Step 10: Here’s a cool idea, come up with a new network design so that scientists moving REALLY BIG DATASETS can safely avoid institutional firewalls, call it the Science DMZ, and get research moving faster at universities around the country. (2012)
Step 12: 100G is fast, but it’s time to get ready for 400G. To pave the way, ESnet installs a production 400G network between facilities in Berkeley and Oakland, Calif., and even provides a 400G testbed so network engineers can get up to speed on the technology. (2015)
Step 13: Celebrate 30 years as a research and education network leader, but keep looking forward to the next level. (2016)
ESnet Director Greg Bell will give an invited talk on “Cyber Security and Data Mobility in a World of Ultrafast Networks and Data-Intensive Science” to senior IT managers and security staff at the Centers for Disease Control (CDC) in Atlanta on Wednesday, June 4. The CDC has just completed the first phase of its “Research Grade Network” upgrade project, which was significantly influenced by ESnet designs and recommendations. Because the CDC has staff in 50+ countries, effective use of global networks is key to its success.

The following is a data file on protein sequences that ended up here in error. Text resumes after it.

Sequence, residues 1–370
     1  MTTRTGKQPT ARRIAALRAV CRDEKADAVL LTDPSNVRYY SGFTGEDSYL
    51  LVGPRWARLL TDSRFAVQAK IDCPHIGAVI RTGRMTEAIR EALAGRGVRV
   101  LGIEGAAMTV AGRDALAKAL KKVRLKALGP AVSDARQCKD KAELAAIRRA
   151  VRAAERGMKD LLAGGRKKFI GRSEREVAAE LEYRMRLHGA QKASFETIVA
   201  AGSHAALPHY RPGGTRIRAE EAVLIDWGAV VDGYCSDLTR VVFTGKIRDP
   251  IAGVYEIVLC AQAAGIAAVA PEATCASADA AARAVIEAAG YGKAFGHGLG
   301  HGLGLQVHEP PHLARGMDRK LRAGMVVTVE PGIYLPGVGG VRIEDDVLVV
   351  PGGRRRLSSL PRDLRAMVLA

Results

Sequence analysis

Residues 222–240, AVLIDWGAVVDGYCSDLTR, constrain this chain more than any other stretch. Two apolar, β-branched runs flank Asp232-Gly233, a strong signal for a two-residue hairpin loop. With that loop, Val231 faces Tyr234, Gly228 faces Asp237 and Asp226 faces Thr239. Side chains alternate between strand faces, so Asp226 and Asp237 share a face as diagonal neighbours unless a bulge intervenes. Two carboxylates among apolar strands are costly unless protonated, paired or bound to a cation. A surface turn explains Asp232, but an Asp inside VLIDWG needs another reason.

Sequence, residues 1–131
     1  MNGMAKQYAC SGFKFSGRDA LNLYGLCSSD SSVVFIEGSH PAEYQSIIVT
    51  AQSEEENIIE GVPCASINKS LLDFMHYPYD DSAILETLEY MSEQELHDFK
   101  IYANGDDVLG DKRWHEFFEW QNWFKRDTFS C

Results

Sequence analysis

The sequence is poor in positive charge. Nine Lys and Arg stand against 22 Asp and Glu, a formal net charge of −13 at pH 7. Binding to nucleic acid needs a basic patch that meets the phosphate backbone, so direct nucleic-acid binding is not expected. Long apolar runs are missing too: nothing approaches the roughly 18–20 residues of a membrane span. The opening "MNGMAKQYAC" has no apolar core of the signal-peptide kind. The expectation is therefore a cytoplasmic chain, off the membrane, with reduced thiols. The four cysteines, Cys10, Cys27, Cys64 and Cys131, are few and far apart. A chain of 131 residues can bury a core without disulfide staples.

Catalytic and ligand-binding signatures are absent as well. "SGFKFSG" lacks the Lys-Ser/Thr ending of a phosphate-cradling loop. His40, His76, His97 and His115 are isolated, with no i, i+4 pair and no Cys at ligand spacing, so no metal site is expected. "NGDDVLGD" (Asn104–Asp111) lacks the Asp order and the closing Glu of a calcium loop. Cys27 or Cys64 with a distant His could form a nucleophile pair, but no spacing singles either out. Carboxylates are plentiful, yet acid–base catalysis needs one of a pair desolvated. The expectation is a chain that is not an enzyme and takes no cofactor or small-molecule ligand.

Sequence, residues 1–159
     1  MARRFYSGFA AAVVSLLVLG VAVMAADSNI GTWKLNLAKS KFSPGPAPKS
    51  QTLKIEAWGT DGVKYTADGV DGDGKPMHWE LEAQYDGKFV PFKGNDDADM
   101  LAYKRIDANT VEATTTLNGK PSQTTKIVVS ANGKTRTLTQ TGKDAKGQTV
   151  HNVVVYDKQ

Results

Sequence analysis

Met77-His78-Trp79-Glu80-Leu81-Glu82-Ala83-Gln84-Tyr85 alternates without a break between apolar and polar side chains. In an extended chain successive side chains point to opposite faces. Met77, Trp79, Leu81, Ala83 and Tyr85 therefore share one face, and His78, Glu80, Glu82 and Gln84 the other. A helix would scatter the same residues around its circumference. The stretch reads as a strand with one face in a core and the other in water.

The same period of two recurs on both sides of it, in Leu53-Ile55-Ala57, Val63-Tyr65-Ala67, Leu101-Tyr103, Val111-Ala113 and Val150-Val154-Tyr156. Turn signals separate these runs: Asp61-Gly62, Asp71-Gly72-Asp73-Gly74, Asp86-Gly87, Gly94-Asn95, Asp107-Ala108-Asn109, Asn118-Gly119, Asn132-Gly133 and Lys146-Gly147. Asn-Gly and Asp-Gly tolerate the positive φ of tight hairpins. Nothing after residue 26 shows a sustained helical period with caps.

Bell was invited to give the talk by CDC Chief Technology Officer Jaspal Sagoo after they met when Bell gave a keynote talk on “Networking for Discovery” at Scaling Networks Securely and Cost Effectively, a one-day program targeted at government network providers and IT staff on Feb. 20, 2014.
We are pleased to announce three influential keynote speakers for the upcoming Focused Technical Workshop titled “Improving Data Mobility and Management for International Climate Science”, which will be hosted by the National Oceanic and Atmospheric Administration (NOAA) in Boulder, CO from July 14-16, 2014.
The first keynote will be delivered by NOAA’s Dr. Alexander “Sandy” MacDonald, Chief Science Advisor and Director of the Earth System Research Laboratory (ESRL), who is known for his influential work in weather forecasting and high performance computing at NOAA.
Also from NOAA’s Geophysical Fluid Dynamics Laboratory (GFDL) and Princeton University, Dr. V. Balaji, Head of the Modeling Systems Group, will share the importance of bridging the worlds between science and software with workshop attendees.
And finally, Eli Dart, a highly-acclaimed network engineer from the Department of Energy’s ESnet who is credited with co-developing the Science DMZ model, will wrap up the workshop with the final keynote focused on how to create cohesive strategies for data mobility across computer systems, networks and science environments.
Inspired by each of the keynote speaker’s integral roles in climate science, computing and network architectures, the workshop intends to spark lively, interactive discussions between the research and education (R&E) and climate science communities to build long-term relationships and create useful tools and resources for improved climate data transport and management.